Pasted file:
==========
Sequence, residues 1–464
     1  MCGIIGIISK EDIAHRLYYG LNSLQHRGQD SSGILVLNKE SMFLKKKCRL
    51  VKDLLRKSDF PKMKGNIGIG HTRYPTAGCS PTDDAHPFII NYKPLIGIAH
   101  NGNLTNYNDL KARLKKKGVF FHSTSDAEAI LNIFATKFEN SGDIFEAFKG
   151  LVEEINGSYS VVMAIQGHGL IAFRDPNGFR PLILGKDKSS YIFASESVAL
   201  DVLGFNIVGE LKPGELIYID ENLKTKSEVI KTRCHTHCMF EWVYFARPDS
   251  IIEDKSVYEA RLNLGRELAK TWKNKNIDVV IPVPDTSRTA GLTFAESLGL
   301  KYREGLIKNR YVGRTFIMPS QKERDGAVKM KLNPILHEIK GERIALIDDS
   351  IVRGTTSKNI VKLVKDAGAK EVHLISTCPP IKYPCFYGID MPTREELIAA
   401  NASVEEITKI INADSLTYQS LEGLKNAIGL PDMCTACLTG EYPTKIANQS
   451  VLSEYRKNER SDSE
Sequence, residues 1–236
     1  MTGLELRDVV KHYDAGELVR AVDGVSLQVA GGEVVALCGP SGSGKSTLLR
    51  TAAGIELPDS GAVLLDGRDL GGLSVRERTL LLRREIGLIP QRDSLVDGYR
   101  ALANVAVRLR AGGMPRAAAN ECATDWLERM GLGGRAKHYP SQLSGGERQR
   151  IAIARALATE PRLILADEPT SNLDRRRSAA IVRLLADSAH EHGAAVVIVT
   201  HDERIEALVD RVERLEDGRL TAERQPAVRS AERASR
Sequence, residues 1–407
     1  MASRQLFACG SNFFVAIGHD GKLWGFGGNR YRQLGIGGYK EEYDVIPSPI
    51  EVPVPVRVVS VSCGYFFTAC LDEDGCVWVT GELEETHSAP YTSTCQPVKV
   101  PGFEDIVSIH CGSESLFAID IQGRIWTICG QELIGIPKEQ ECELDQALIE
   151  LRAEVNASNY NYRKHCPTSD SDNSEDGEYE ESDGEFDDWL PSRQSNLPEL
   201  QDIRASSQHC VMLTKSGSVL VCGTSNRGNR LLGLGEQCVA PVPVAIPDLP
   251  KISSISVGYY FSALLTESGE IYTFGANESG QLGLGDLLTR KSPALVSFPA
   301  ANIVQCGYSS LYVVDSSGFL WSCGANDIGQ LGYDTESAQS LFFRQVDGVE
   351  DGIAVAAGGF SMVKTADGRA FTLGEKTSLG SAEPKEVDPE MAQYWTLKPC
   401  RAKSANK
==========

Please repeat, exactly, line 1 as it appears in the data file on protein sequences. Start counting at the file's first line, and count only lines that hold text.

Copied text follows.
Sequence, residues 1–464